While learning is expected of our children and teens, the same expectation doesn’t always apply to adults. Yet, learning supports both personal and professional life. If you’re a new grad or recently hired by a new organization, you may have heard someone use the term PDP and you may be wondering, what is a professional development plan?
Maybe you’ve heard someone say, “if you don’t know where you’re going, how will you know when you get there?” A professional development plan is the roadmap that will help you get to your preferred future.
According to Duke’s human resources department, “a professional development plan documents the goals, required skill and competency development, and objectives a staff member will need to accomplish in order to support continuous improvement and career development.”
A professional development plan begins upon hire and is guided by managers. It’s sometimes assumed that PDP’s are only for “problem” employees after there’s been a need for monitoring or performance improvement. But PDP’s are intended to assist professional and career development for the duration of employment.
A good professional development plan has several components.
PDP’s should be revisited regularly and conversations between employee and manager. It’s not a static document, but rather one that can be adapted as needed. Ideally, a formal evaluation will happen during the annual performance review and again mid-year. More ongoing conversations between manager and employee will make these formal review conversations more effective.
Each employee should contribute to the creation of their professional development plan. A PDP is not intended to be a one-way document dictated from manager to employee, but rather a two-way collaboration. An employee’s self-assessment of their skills, career interests, growth path, and action steps are important elements in a PDP.
While difficult in the early days of an employee’s career with a company, a manager should also be actively involved in assessing a team member’s performance, work history, relational traits, and overall skill evaluation. Because some of this will be a subjective assessment, it’s important to gather feedback that includes objective measures as well.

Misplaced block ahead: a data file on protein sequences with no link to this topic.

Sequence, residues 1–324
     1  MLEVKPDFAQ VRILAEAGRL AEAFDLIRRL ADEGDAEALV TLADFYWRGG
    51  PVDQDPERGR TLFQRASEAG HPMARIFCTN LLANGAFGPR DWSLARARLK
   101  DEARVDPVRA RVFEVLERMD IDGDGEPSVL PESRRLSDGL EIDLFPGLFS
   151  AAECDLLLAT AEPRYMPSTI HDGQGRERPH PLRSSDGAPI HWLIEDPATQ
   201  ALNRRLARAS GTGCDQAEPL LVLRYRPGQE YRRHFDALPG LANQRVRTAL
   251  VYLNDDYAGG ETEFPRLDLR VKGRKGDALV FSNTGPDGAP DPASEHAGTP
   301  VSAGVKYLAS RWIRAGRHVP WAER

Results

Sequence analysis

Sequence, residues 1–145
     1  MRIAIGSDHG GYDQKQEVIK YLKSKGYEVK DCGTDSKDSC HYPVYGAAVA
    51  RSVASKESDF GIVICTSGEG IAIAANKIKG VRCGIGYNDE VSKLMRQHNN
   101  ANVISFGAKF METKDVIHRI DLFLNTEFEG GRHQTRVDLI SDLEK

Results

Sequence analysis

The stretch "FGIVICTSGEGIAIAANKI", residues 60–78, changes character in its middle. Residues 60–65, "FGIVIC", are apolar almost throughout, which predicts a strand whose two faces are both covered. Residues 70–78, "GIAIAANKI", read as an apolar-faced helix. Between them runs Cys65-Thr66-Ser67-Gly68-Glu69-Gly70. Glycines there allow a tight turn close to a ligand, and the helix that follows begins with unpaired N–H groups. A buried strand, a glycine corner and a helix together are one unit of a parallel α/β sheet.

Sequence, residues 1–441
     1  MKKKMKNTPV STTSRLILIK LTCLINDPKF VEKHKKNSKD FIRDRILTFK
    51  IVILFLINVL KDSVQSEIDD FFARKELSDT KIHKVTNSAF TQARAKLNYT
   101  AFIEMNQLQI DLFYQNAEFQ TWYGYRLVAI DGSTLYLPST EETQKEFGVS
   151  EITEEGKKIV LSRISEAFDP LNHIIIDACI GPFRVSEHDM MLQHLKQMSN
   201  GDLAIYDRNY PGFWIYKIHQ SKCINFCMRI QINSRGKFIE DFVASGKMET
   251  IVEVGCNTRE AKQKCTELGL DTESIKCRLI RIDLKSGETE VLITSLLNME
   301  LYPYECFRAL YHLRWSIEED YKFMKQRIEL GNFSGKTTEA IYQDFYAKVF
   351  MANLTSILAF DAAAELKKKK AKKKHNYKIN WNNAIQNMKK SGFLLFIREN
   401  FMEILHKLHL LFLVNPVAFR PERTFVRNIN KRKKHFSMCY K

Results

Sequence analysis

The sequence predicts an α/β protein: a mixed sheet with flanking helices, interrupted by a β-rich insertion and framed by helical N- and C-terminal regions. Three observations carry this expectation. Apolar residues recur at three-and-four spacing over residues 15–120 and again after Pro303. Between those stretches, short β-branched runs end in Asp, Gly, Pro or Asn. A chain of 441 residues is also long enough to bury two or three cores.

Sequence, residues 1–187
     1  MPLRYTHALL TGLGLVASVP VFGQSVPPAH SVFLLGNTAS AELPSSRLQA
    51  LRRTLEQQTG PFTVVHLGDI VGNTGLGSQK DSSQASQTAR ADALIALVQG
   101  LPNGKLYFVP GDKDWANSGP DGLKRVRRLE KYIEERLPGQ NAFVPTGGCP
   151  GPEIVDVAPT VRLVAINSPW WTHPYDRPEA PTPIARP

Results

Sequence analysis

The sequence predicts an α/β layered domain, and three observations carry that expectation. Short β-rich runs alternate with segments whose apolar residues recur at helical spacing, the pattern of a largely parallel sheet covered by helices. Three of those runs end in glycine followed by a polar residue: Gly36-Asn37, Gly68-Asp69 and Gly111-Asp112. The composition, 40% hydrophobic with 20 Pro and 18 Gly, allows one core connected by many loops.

Each department has goals that lead to the success of the organization at large. It’s important that the individual employees in a department contribute to its success. With a PDP in place, a manager and employee are better equipped to continue to meet the goals of the department in a way that contributes to both the bottom line and company culture standards.
Stipends for professional development are a strong perk when organizations provide them. A manager can encourage attendance at conferences to help an employee meet the objectives of their professional development plan. Other opportunities for development include volunteering in the local community and or contributing to the learning of others in the organization.
A professional development plan should be a standard expectation for employment. With a better understanding of what a professional development plan is, employees should feel less intimidated by them and more empowered by them. In the end, a well crafted PDP contributes to the success of both employee and employer alike.